That said, the procedures also differ in many ways. For example:
The Impact on Your Finances
As mentioned, a consumer proposal typically means you’ll be making regular payments over several months, possibly several years if your debt is anywhere near the $250,000 limit. Since this can put significant strain on your finances for quite some time, a solid knowledge of budgeting will be key.
Contrarily, you can technically file for bankruptcy when you have $1,000 (minimum) of unsecured debt. There is no official limit for the amount of debt you can have in order to qualify. Also, depending on how much you owe and what your financial health looks like, you may be eligible for discharge in just 9 months, assuming you complete all your bankruptcy duties as assigned.
Although bankruptcy may seem less expensive at first, you will still have to make payments toward the court, which can include a base contribution of $1,500 – $2,000, plus numerous legal and administrative fees. If your gross monthly income is above a designated provincial threshold, you will likely need to make surplus income payments a well.
The Impact on Your Assets
One of the upsides of a consumer proposal is that none of your assets are at risk of being seized by the court. On the other hand, this is a major risk when it comes to bankruptcy.
Remember, by declaring bankruptcy, you are stating before a judge that you cannot pay your debts off through more conventional methods. Nonetheless, your lenders need to be compensated somehow and if it’s not from your income, it will be from the equity in your properties.
Although cases are rare, a large enough debt can lead to your house being foreclosed or your vehicle repossessed. The funds can even be extracted from your RRSP account, as well as any windfall money you collect during the process (lottery winnings, inheritance, etc.) because it is not considered “earned income”.
Did you know you can pay off your consumer proposal with a loan? Learn more here.
The Impact on Your Credit
Another significant difference between a consumer proposal and bankruptcy is the impact on your credit. That’s right, both options will show up on your credit report and change the credit rating of any account associated with the process.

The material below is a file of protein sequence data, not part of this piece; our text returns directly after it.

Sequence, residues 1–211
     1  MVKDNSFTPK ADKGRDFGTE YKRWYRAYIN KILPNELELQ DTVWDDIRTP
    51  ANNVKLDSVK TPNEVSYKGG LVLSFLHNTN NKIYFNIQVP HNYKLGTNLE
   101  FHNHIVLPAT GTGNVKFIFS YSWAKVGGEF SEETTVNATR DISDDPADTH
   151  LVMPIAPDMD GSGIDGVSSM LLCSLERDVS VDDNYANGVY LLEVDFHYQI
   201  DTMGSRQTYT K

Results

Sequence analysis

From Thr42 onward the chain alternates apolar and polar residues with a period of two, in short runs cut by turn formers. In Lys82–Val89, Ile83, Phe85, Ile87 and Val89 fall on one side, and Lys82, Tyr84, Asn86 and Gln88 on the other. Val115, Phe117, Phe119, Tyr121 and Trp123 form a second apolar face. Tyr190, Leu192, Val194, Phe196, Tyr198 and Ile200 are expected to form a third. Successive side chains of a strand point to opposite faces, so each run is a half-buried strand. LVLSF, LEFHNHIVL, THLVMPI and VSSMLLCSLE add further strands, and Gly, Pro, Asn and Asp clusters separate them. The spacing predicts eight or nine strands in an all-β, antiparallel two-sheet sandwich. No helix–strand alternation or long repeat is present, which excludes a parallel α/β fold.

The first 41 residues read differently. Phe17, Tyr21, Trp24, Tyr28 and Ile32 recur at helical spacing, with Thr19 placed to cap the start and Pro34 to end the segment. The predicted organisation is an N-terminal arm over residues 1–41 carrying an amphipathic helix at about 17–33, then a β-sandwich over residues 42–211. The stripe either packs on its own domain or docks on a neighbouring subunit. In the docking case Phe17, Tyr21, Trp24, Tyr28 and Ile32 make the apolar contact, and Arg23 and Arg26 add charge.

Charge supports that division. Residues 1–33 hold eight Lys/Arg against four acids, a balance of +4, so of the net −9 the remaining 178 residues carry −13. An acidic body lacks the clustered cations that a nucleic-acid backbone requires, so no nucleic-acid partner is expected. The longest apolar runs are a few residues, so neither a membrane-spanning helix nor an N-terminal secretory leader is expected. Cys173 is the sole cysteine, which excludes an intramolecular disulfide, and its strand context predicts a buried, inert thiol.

In the case of a consumer proposal, a record of the incident will be listed in your credit history for 3 years following the date of your final payment. During the ordeal itself, your credit accounts will all receive R7 ratings, which are reserved for borrowers who are making payments toward a special debt settlement arrangement.
A bankruptcy, on the other hand, will appear in your credit history for 7 years each time you file. In addition, your credit ratings will drop to the worst position of R9. The only other reason you would have this rating would be if you changed addresses without informing your lender.
Take a look at this infographic for more information about credit scores.
The Overall Impact
So, while a consumer proposal can lead to some pretty bad financial damage, bankruptcy will certainly have a larger and longer-lasting effect.
Despite a consumer proposal potentially stretching your debt out further than with a bankruptcy, at least your assets and income will be safe. And, although it will be tough to get approved by a new lender during a consumer proposal, it will be far tougher once you’ve gone bankrupt.
Before attempting either of these effective, but serious debt relief procedures, be sure to talk to an expert and confirm that they truly are your best options.
What happens if your consumer proposal is rejected? Find out here.
When to Choose a Consumer Proposal
Deciding whether or not to file a consumer proposal in Lethbridge can be tricky. On one hand, it can help you deal with a sizeable amount of debt in a practical manner. Then again, it’s also a drastic procedure that can have a serious negative impact on your finances and credit for a long time.
It’s best to only file a consumer proposal when you:
- Have an appropriate amount of unsecured debt ($5,000 – $250,000).
- Cannot deal with this debt using less impactful methods.
- Are able to comfortably afford all payments involved, plus your daily living costs.
- Can get by without favorable credit products during and possibly after the fact.
- Are willing to attend several credit counselling sessions.
- Want to avoid the greater risks involved with declaring bankruptcy.
Considering a Consumer Proposal in Lethbridge?
If so, be sure to let us know. The experts at Loans Canada are here and willing to help you in your time of need. Contact us today for more information. The sooner you get started, the faster you can become debt-free and get back on track.